Review of my new computer, the Digital Storm Bolt

1: Personal Background

Since reviews are meant to assist other potential buyers, I figure my readers would appreciate a little personal background on me, to get an impression of what sort of buyer is giving this (glowing) review of Digital Storm. While I play videogames quite a bit, I’m actually not a “hardcore” gamer, I suppose. The most demanding games I play on my computers are things like Vindictus and Sins of a Solar Empire; I don’t play many games which require very high hardware specs. However, there are several new games coming out that I will probably buy, so I wanted an advanced but stable system to enjoy them when they come out. I am also not particularly computer literate, alas. I have no previous experience with customizing PCs and only a vague idea of how RAM, cooling systems, video cards, etc. worked and interacted. This was the first time I bought a computer where I could customize any of those components! Yes, I know, it might seem odd to look at a review from a computer “beginner,” but my lack of experience makes the excellent help I received from Customer Service even more impressive, as I will describe later. Also, if any of you are thinking of buying a machine for a younger person or someone even less tech-savvy than I am, my experience will probably give you a good idea of how DS treats such people; that is to say, very well indeed.

2: Quick Overview of the System I Bought from https://www.digitalstormonline.com/

Original Price: ~1600$

Price with 10% Promotional Discount: ~1480$

Shipping: 65$

Total: ~1550$

Bonuses: Free Steam download of Metro: Last Light

1 Extra Year of Warranty (Originally 3 year warranty, now a 4 year warranty for free, 99$ value)

1 Free T-Shirt 😀

System Configuration:
Chassis Model: Special Deal Hot Seller – Pre-built Digital Storm Bolt – Level 3
Exterior Finish: Pearl White Matte Finish with Black Vents and Black Stand
Trim Accents: – Standard Factory Finish
Processor: Intel Core i5 3570K 3.40 GHz (Unlocked CPU) (Quad Core)
Motherboard: ASUS P8Z77-I Deluxe (Intel Z77 Chipset)
System Memory: 16GB DDR3 1600MHz Digital Storm Certified Performance Series (Highly Recommended) (Hand Tested)
Power Supply: 500W Gold Plus Series Digital Storm Certified BOLT Edition (Enhanced Quiet Operation)
Expansion Bay: – No Thanks
Hard Drive Set 1: Operating System: 1x (2TB Hitachi/Seagate (7200 RPM) (32MB Cache)
Set 1 Raid Options: – No Thanks
Hard Drive Set 2: Multimedia\Data: – No Thanks
Hard Drive Set 3: Backup\Misc.: – No Thanks
Optical Drive 1: DVD/CD 8x Multi-Drive (Writes and Reads DVDs, CDs)
Optical Drive 2: – No Thanks
Internet Access: High Speed Network Port (Supports High-Speed Cable / DSL / Network Connections)
Video Card(s): 1x NVIDIA GeForce GTX 660 Ti 2GB (Includes PhysX)
Add-on Card: – No Thanks
Sound Card: Integrated Motherboard Audio
Extreme Cooling: High Performance Cooler with Five Heatpipes
H20 Tube Color: – Not Applicable, I do not have a FrostChill or Sub-Zero LCS Cooling System Selected
Chassis Airflow: Standard Factory Chassis Fans
Internal Lighting: – No Thanks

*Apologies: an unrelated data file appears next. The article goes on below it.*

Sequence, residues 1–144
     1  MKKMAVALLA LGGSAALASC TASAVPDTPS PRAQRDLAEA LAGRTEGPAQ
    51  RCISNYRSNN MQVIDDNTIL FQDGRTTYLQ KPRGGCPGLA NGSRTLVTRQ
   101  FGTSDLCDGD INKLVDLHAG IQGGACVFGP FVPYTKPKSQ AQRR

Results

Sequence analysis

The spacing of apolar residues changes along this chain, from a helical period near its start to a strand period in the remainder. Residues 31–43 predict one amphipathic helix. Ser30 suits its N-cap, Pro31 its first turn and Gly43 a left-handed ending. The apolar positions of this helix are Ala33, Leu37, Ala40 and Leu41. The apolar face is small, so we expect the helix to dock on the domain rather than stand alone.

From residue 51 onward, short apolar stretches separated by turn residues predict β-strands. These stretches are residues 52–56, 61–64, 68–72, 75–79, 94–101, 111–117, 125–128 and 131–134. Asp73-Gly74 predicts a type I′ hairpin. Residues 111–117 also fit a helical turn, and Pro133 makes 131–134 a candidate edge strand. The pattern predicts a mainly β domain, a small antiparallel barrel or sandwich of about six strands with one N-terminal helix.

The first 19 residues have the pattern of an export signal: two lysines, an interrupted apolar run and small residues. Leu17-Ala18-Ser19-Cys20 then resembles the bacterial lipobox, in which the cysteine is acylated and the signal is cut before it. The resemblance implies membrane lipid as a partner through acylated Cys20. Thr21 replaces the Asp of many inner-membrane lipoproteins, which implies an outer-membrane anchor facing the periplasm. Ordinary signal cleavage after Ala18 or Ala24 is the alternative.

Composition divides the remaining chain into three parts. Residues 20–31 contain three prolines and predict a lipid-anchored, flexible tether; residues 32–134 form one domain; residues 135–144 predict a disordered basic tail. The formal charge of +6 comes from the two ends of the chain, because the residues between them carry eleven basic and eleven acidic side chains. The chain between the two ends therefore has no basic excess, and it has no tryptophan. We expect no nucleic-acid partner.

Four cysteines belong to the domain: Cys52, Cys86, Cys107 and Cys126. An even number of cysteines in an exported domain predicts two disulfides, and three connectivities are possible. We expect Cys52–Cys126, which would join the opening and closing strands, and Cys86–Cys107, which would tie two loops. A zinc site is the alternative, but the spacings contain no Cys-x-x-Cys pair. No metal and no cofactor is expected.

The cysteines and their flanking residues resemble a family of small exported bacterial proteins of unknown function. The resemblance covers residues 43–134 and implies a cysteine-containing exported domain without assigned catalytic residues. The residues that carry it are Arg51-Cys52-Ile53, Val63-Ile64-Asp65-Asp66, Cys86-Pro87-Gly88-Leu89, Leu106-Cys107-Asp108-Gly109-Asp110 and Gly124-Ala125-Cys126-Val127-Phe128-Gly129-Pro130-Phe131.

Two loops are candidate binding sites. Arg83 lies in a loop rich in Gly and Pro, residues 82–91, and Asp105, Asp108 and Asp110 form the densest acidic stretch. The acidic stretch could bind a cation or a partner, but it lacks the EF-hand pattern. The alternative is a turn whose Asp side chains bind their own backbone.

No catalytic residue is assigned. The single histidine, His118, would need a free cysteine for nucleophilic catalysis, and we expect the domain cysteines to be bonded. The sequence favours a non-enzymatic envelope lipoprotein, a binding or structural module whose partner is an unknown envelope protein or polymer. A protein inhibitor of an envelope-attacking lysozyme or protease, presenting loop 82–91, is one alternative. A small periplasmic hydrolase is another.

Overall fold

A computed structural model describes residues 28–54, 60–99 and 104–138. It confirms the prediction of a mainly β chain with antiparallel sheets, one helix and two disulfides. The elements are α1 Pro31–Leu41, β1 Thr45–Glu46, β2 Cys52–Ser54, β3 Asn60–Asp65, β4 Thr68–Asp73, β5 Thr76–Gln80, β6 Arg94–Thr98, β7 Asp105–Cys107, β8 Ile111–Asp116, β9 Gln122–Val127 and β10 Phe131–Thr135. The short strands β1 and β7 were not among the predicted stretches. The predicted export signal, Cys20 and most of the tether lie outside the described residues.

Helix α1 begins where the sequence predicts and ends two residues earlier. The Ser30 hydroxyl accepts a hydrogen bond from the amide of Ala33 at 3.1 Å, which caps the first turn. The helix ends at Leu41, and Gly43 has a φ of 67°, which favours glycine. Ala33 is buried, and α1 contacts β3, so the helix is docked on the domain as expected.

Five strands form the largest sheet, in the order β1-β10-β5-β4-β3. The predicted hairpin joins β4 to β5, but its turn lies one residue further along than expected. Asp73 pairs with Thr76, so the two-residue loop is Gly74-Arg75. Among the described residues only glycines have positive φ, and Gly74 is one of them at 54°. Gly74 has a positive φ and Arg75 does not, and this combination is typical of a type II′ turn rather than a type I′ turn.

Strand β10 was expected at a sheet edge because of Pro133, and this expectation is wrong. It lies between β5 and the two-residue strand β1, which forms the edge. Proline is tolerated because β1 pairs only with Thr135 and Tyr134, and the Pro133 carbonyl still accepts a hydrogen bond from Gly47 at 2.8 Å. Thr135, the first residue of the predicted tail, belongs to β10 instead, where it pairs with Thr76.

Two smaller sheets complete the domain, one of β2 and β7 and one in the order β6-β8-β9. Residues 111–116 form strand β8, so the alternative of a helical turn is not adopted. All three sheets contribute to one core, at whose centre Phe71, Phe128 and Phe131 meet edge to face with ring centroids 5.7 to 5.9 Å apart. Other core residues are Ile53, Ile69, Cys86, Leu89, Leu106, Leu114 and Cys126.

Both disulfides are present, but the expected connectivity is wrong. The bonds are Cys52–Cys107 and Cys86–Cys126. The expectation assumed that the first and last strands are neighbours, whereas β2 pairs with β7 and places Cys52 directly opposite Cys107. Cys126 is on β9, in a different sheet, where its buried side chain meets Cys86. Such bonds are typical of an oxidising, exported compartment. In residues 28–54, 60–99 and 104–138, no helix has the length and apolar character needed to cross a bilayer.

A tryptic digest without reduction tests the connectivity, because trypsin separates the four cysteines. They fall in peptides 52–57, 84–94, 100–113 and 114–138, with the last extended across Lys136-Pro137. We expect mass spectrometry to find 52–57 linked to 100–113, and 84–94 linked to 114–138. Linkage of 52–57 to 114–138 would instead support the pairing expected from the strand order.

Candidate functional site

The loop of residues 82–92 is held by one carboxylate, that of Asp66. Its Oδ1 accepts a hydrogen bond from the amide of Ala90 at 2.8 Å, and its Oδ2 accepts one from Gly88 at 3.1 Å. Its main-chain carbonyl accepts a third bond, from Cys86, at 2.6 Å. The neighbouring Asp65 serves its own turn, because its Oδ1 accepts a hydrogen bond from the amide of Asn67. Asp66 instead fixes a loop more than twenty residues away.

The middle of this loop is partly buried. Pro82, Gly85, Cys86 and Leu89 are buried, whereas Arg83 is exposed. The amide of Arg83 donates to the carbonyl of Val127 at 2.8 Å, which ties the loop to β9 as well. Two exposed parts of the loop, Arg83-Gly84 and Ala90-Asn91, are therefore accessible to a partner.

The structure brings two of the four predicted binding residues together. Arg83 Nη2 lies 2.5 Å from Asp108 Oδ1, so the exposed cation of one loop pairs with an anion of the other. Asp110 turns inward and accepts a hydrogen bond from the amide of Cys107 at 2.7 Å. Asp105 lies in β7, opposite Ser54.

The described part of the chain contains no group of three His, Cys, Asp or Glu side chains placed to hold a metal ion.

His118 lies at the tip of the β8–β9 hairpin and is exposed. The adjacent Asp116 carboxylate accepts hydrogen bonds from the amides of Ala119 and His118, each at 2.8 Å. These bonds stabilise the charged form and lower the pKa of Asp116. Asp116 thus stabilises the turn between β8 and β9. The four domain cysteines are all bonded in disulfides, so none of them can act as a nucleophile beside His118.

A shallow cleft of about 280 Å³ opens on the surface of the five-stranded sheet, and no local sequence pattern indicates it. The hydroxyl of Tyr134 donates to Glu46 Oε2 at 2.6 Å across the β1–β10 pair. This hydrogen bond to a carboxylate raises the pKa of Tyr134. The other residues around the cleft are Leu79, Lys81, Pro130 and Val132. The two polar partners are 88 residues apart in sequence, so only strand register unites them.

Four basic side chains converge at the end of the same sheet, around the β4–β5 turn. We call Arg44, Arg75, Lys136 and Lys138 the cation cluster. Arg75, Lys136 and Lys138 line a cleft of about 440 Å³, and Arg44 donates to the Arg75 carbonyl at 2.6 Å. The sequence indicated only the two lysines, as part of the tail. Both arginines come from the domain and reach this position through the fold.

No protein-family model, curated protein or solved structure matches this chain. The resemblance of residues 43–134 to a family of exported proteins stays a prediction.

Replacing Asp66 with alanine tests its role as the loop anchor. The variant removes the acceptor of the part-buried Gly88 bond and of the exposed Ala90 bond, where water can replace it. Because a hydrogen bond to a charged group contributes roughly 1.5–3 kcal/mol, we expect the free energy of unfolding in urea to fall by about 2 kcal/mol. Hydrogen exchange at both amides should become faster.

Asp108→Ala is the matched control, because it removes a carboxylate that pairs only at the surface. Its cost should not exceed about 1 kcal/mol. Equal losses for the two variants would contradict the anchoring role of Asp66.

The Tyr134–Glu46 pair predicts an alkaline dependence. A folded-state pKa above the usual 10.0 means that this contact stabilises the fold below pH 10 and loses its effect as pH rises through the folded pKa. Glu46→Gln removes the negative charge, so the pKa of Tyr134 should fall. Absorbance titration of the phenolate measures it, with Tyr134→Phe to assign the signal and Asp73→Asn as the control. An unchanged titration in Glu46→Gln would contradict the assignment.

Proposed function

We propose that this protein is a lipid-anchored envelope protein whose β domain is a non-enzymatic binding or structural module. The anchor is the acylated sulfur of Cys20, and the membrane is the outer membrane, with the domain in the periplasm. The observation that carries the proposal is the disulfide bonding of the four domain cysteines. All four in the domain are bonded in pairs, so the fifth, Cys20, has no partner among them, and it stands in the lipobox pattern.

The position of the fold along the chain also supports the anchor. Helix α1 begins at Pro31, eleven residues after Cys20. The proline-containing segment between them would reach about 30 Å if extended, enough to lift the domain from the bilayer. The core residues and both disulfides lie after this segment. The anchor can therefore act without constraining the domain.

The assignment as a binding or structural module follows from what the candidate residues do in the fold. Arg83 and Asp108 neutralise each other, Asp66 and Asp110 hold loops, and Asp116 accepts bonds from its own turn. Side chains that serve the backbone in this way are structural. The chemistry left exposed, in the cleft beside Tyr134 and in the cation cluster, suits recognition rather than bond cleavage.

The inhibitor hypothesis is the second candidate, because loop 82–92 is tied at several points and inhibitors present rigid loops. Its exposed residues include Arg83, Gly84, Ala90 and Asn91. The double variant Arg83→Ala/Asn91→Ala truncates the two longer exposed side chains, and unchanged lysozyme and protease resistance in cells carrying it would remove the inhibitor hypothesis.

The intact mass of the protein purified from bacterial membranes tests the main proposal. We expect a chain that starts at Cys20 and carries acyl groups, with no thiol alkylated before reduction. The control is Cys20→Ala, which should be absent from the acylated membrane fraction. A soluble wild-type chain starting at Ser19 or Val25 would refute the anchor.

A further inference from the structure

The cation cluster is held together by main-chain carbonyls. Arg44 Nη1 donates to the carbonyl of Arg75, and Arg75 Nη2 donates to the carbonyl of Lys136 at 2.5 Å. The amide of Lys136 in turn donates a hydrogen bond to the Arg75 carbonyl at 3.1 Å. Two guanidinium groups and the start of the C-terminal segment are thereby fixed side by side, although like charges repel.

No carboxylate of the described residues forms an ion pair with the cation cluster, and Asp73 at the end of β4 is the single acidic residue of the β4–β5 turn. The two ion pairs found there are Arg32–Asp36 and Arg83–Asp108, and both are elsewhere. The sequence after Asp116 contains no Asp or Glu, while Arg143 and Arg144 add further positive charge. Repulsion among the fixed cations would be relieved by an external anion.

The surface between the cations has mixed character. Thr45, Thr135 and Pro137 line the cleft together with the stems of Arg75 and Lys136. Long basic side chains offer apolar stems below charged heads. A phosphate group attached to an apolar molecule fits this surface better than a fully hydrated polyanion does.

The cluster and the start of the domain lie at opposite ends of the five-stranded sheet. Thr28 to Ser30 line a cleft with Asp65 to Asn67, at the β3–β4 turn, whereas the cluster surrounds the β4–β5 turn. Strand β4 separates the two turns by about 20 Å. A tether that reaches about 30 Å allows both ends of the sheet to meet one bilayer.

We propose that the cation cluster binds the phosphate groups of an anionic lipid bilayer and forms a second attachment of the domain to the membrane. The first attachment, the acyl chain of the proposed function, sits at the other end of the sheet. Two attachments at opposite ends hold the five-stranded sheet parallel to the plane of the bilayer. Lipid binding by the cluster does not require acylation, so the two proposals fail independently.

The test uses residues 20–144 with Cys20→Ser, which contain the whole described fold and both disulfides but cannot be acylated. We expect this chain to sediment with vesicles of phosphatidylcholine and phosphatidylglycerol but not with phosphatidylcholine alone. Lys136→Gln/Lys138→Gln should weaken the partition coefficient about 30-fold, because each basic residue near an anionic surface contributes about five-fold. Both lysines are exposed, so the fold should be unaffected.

Enhancements: – No Thanks
Chassis Mods: – No Thanks
Noise Reduction: – No Thanks
LaserMark: – No Thanks
CPU Boost: Stage 2: Overclock CPU 4.5GHz to 4.8GHz
Graphics Boost: – No Thanks, Please do not overclock my video card(s)
Memory Boost: – No Thanks, Please do not overclock my memory
OS Boost: – No Thanks, Please do not tweak the services on the operating system
Windows OS: Microsoft Windows 7 Home Premium (64-Bit Edition)
Recovery Tools: Windows Recovery Toolkit (Bundled with Windows 7 CD)
Virus Protection: – No Thanks
Office: – No Thanks
Game: – No Thanks
Display: – No Thanks
Surge Shield: – No Thanks
Speakers: – No Thanks
Keyboard:  Logitech Media Combo MK200 Keyboard and Mouse
Mouse: – No Thanks
External Storage: – No Thanks
Exclusive T-Shirt: FREE: Digital Storm T-Shirt – Black (Large)
Priority Build: – No Thanks, Ship Within 10-15 Business Days After Order Is Successfully Processed
Warranty: Life-time Expert Customer Care with 3 Year Limited Warranty
3: How I Found Digital Storm

I recently purchased a laptop from Dell and had a very bad experience with their customer service. I ended up getting my laptop, but it was meant for work, so I wanted to get a PC for myself. Now, I was determined to never buy anything from Dell again after all the trouble they put me through. I initially looked at Lenovo, as my brother had very positive experiences with them, but their website struck me as glitchy and inefficient, which quickly soured my opinion of them. Thus, I typed in “best gaming desktop” on yahoo.com, came to this site:

http://computers.toptenreviews.com/gaming/

And saw Digital Storm at number two.

I initially considered the Cyberpower Black Pearl, but when I went to Cyberpower’s site, I didn’t like its configuration/selection screen, so I promptly made another choice. The other non-Dell companies on the top ten article, such as Origin, Velocity Raptor, and Maingear, were respectable, but their customer service was either not as good or not as easy to access. On the other hand, Digital Storm’s Brian Benoit (via chat) and John (via email) treated me like a king. I was very pleased by their service and while I didn’t need the Digital Storm Hailstorm (too expensive), I thought even the cheaper PCs Digital Storm had to offer would be best for me. Thus, I ended up choosing Digital Storm’s Bolt.

(I will expound on my experiences with Dell along with the other companies in section 5 of this review).